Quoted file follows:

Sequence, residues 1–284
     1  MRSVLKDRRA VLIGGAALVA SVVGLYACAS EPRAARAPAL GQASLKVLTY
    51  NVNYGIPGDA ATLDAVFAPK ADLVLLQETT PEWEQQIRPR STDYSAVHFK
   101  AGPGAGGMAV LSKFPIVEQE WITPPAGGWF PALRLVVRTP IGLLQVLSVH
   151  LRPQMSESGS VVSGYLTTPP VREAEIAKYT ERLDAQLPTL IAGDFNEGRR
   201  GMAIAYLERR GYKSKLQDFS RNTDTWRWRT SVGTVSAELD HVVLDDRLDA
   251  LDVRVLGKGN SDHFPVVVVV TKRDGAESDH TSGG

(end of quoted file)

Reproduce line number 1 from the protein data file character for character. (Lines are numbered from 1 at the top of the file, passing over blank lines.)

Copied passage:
Sequence, residues 1–284